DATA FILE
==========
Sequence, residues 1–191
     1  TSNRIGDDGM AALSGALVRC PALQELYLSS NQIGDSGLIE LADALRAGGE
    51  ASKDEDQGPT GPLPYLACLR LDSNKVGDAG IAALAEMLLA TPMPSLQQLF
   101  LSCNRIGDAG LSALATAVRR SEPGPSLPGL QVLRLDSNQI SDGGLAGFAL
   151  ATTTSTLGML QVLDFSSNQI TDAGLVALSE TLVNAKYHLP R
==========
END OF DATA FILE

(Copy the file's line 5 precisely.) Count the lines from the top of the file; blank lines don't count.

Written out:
   151  ATTTSTLGML QVLDFSSNQI TDAGLVALSE TLVNAKYHLP R